On this day in 1959, Richard Petty’s papa, Lee, won the first ever Daytona 500. Now most of you know that I’m not that interested cars, and that definitely includes auto racing. My father was a stock car racer when he was young. And I don’t much care for the danger, although certainly today it is far more safe.
Almost three years ago, I went to a NASCAR race, and wrote, NASCAR Culture and Sport. It did give me a better appreciation of the sport and for the people who like it. But it’s still not my thing. But I was struck by the fact that Lee Petty won the first first Daytona 500.
But isn’t it interesting that the first Daytona 500 was won by the father of the future stock car racing legend Richard Petty? That got me thinking about the idea of meritocracy — an idea that becomes more repugnant to me with each passing day. Let’s face it: Richard Petty didn’t go on to become one of the greatest stock car racers of all time because he got the right genes from his papa.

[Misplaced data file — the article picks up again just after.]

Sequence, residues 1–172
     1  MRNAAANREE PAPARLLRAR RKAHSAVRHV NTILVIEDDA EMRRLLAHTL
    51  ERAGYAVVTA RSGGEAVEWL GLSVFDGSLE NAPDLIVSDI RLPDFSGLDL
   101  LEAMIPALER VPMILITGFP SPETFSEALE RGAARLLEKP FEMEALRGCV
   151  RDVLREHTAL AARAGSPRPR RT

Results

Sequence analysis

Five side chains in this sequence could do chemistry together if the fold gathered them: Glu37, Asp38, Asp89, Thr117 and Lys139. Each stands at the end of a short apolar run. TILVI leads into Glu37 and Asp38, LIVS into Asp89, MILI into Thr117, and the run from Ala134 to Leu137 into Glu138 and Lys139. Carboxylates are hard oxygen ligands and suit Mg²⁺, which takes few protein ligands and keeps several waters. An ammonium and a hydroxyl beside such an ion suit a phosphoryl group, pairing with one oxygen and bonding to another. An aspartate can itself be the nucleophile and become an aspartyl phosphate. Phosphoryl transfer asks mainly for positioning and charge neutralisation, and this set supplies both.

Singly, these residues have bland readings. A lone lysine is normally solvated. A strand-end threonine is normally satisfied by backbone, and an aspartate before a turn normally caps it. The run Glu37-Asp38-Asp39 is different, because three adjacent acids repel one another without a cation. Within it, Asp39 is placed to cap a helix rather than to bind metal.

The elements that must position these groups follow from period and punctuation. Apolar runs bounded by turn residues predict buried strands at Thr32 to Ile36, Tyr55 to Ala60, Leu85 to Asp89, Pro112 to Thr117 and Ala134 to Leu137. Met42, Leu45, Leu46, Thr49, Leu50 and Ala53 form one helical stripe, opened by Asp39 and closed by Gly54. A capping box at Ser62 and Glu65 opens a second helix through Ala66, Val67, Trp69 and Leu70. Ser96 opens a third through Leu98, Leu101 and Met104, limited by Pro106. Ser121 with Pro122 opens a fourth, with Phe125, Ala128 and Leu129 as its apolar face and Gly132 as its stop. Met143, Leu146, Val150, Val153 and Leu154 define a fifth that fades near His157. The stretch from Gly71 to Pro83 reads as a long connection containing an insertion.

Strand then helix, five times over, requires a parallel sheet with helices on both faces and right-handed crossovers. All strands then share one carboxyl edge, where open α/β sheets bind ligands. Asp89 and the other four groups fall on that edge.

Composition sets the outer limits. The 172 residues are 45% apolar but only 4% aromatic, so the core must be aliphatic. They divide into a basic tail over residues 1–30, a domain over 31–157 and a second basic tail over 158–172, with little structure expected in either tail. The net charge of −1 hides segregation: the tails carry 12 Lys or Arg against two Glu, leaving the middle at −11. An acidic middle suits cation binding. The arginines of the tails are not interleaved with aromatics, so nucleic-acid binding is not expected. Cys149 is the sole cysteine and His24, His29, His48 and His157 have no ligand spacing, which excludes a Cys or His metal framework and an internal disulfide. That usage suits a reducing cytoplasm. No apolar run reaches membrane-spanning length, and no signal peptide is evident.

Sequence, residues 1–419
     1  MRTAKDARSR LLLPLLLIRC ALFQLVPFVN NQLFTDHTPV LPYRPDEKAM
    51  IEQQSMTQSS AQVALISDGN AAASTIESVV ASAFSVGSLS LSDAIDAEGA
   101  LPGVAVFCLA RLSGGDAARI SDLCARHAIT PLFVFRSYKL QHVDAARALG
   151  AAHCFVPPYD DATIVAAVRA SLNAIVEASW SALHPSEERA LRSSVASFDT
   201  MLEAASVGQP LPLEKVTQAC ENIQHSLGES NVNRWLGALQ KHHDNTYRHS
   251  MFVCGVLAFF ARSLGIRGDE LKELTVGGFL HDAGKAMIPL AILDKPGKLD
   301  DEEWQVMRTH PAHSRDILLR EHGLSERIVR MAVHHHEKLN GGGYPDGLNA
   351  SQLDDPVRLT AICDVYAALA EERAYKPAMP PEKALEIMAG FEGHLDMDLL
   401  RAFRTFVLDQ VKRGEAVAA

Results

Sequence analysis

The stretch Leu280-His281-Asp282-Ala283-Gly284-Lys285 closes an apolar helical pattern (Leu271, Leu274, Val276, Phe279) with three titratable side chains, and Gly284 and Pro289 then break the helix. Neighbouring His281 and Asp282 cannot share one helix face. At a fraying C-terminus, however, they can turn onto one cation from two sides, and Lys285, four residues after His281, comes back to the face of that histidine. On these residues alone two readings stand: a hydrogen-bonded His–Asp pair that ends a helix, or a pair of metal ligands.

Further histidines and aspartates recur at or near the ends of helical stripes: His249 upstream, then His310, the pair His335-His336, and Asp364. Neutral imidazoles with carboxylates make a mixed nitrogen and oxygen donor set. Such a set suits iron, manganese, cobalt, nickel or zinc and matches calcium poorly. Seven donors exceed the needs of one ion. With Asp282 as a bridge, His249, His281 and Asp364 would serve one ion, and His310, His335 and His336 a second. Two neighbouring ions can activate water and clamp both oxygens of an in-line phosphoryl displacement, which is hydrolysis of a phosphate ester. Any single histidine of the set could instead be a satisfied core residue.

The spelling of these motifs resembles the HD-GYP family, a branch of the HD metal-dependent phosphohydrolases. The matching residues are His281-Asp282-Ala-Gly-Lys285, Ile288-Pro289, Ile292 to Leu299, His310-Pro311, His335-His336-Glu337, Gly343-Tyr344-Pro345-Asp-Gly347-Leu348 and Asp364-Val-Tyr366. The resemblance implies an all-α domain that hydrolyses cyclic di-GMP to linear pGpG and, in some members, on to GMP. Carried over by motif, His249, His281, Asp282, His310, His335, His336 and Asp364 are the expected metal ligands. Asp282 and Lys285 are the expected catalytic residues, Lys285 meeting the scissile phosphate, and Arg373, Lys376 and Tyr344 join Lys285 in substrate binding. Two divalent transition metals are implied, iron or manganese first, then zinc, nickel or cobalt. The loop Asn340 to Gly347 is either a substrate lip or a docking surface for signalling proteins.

And we aren’t talking about money here either. I don’t even want to get into that, even though there is doubtless some of that as well. The truth is being in that environment, growing up and just being Lee Petty’s son, was the most important element in Richard Petty’s 200 Sprint Cup Series wins. Otherwise, he would have been just some hot rod driving teen who worked his whole life in a North Carolina manufacturing plant.
Richard Petty Got a Lot From Papa
We have got to get past this idea that the world is divided into the worthy and the unworthy. Our society needs to reward people only to the extent that people need to get along. In the race car driving sweepstakes, Richard Petty hit the jackpot. In the sexist pig category, he did really well too — and I’m not even talking about the recent Danica Patrick dustup. He’s also a racist I’m sure. But people don’t get judged in their totality. Instead, society decides that it is going to judge a couple of things above all else.
Well, Lee Petty and the environment he raised his sons in gifted Richard race car driving skills just as surely as bigotry. We can either accept both of those facts or we can deny them. But we can’t say he’s super keen because of his racing skills and isn’t it a shame that he grew up in a bigoted time and place.